PDA

View Full Version : Best Special Operation of All Time


Roguish Lawyer
07-13-2004, 16:35
I am nearly finished with Spec Ops: Case Studies in Special Operations Warfare: Theory and Practice, by William McRaven. The author analyzes several successful special operations from WWII, Viet Nam and Entebbe and attempts to draw conclusions regarding what makes a special operation successful. Presumably because he wanted to interview participants in the operations, he did not discuss anything pre-WWII.

Some of the operations discussed in the book are the German assault on Eben Emael, the British raid on St. Nazaire, the Son Tay raid, and the Entebbe rescue.

What do you think the greatest special operation in history was? I've included a poll, but I'm sure I've left out some important operations.

The Reaper
07-13-2004, 17:08
You are focusing on raids.

I think that FID/UW is a better mission to examine.

100 Americans and some support aircraft enabled a Northern Alliance force to defeat a Taliban opponent 10 times their size. I believe that this will go down in history as one of, if not the greatest SOF ops of all time.

On the flip side, 55 American advisors (largely SF) enabled the El Salvadorean government to defeat an externally sponsored insurgency and survive to a peaceful settlement.

Just my .02, Bill McRaven is a good guy and I know him, but I will confess I haven't read his book. Sounds similar to my thesis.

TR

Roguish Lawyer
07-13-2004, 17:28
Originally posted by The Reaper
You are focusing on raids.

I just used the ones from the book. I guess it is no surprise that a SEAL focused on raids, eh?

hoepoe
07-13-2004, 17:31
I gotta go with Entebbe, i don;t know details about the others to make a fair comparison; but even in it's own right it was a work of art.
From the source, then commander of the rescue unit and the only IDF soldier to fall in the raid.

Yoni, RIP.

http://www.yoni.org.il/eng_contents.htm
direct link to details on the raid:

http://www.yoni.org.il/eng_jonathan.htm


Reffering to specwarnet.com:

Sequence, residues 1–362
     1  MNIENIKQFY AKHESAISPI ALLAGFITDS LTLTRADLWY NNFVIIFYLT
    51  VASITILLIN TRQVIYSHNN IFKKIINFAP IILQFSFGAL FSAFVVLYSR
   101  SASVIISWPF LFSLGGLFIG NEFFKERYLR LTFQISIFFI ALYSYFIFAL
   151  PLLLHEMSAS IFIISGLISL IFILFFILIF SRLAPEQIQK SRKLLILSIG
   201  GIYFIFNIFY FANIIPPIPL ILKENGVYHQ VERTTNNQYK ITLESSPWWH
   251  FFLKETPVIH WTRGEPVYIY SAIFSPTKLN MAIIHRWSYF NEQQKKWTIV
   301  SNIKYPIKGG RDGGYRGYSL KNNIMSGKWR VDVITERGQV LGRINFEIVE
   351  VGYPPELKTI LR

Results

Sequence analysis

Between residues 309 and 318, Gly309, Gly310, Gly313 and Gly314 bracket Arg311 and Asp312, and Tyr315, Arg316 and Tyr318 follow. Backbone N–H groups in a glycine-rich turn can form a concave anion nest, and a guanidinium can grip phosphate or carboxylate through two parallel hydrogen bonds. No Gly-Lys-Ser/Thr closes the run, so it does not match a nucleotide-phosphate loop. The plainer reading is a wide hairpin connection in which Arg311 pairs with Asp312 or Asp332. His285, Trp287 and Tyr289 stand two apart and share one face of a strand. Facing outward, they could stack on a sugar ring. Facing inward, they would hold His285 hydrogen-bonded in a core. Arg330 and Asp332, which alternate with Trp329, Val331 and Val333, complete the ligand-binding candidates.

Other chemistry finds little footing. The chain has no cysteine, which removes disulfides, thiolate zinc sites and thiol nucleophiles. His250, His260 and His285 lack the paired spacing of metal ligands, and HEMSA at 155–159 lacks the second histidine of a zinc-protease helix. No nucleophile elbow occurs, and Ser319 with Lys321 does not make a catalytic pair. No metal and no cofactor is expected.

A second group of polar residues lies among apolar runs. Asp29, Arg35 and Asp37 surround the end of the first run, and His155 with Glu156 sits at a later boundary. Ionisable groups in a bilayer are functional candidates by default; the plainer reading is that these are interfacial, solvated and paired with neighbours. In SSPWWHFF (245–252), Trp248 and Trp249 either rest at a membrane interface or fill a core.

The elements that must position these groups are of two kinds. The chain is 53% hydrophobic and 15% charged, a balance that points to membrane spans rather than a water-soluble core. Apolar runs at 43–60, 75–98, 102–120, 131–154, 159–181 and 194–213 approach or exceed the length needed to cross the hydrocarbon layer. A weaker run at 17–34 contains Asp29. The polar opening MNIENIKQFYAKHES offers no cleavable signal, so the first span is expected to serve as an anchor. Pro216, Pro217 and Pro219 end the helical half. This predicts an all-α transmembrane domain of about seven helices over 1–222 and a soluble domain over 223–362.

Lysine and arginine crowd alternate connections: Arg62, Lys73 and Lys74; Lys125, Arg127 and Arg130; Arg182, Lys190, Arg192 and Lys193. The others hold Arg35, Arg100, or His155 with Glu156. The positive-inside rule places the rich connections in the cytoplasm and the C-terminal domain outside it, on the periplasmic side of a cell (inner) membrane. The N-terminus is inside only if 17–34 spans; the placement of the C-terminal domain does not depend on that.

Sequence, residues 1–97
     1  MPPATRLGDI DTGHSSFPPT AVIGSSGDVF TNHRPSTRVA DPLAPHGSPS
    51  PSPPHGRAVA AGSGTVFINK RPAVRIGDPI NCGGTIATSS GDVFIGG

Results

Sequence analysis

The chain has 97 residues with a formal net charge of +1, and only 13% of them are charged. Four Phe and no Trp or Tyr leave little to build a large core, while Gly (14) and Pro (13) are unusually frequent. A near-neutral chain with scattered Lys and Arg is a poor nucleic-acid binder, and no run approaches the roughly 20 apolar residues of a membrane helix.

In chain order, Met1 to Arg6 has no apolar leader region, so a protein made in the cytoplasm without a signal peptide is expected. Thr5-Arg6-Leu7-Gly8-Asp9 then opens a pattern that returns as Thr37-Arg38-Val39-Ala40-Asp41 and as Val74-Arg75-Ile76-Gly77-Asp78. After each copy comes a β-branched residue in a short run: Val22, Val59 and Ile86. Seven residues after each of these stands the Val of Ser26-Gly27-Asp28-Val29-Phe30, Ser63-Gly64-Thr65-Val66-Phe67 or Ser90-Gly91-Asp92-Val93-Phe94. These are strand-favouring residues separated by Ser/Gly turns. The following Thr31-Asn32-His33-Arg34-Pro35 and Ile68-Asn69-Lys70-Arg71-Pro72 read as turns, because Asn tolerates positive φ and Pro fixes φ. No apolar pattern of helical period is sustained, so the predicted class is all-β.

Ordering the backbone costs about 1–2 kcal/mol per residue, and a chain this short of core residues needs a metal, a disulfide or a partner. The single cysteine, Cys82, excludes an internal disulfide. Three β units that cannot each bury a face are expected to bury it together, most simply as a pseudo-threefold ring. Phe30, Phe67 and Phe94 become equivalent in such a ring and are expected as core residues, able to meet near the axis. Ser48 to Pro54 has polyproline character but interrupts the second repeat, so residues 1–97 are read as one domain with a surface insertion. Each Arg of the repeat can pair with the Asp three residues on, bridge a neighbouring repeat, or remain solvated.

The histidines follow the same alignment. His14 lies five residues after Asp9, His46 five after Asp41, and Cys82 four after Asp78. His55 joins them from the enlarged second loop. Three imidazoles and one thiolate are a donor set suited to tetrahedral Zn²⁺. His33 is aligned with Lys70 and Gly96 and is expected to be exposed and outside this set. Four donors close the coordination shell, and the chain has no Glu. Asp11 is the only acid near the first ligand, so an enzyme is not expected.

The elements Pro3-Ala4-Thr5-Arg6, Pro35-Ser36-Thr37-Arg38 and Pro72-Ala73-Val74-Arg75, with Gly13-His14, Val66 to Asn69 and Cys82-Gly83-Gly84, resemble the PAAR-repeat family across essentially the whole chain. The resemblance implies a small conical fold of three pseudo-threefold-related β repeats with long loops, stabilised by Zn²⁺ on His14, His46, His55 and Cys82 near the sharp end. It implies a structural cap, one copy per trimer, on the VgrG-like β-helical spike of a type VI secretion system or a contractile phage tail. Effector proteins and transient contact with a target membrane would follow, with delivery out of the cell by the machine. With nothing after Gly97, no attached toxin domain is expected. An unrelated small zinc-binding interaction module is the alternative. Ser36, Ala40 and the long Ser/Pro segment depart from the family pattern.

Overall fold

http://www.specwarnet.com/miscinfo/entebbe.htm

" The rescue at Entebbe is a classic example of a successful special operations. The Israelis used surprise and superior training to overcome their enemies and gain their objectives with a minimum loss of life. It was a logistically difficult mission. Thirty-five commandos in two Landrovers and a Mercedes with four APCs for firepower had to be transported over 2,200 miles and back again with over 100 hostages. The building the hostages were kept in was guarded by seven terrorists and an unknown number of Ugandan soldiers and was reported to be wired with explosives. "

If you have the oppurtunity, see "Operation Thunderbolt" in English.

NousDefionsDoc
07-13-2004, 17:51
Originally posted by Roguish Lawyer
I just used the ones from the book. I guess it is no surprise that a SEAL focused on raids, eh?

And people say lawyers can't learn anything on discussion boards.:D

I am truly impressed RL. You've come a long way.

The Reaper
07-13-2004, 18:04
Originally posted by Roguish Lawyer
I just used the ones from the book. I guess it is no surprise that a SEAL focused on raids, eh?

Man has got to go with what he knows. When the only tool you have is a hammer, all problems tend to look like nails.

You have to break out of the Tactical and into the Operational or Strategic level of conflict to have an enduring outcome. Take your thinking up a level or two, as it were.

I will admit that Eben Emael was a key objective, but it could have been laid siege to and taken conventionally. St. Nazaire took the dry dock away from the Nazi Battleships, but the Tirpitz would likely have met the same fate as the Bismarck (or been bombed in port) had it stayed in France. The Son Tay raid improved conditions for the POWs, and may have driven the NV to make additional concessions, but did little to end the war on our terms.

All of the ones you listed had little if any enduring effect. When you have a Spec Op decide a war, then you have significance.

Just my .02.

TR

Roguish Lawyer
07-13-2004, 18:09
Do you gentlemen have a view on the greatest raid, viewed strictly from a tactical perspective?

hoepoe
07-13-2004, 18:16
Indeed:

Thirty-five commandos in two Landrovers and a Mercedes with four APCs for firepower had to be transported over 2,200 miles and back again with over 100 hostages. The building the hostages were kept in was guarded by seven terrorists and an unknown number of Ugandan soldiers and was reported to be wired with explosives. "

Keep in mind, any combatants worst enemy was present, lack of intel.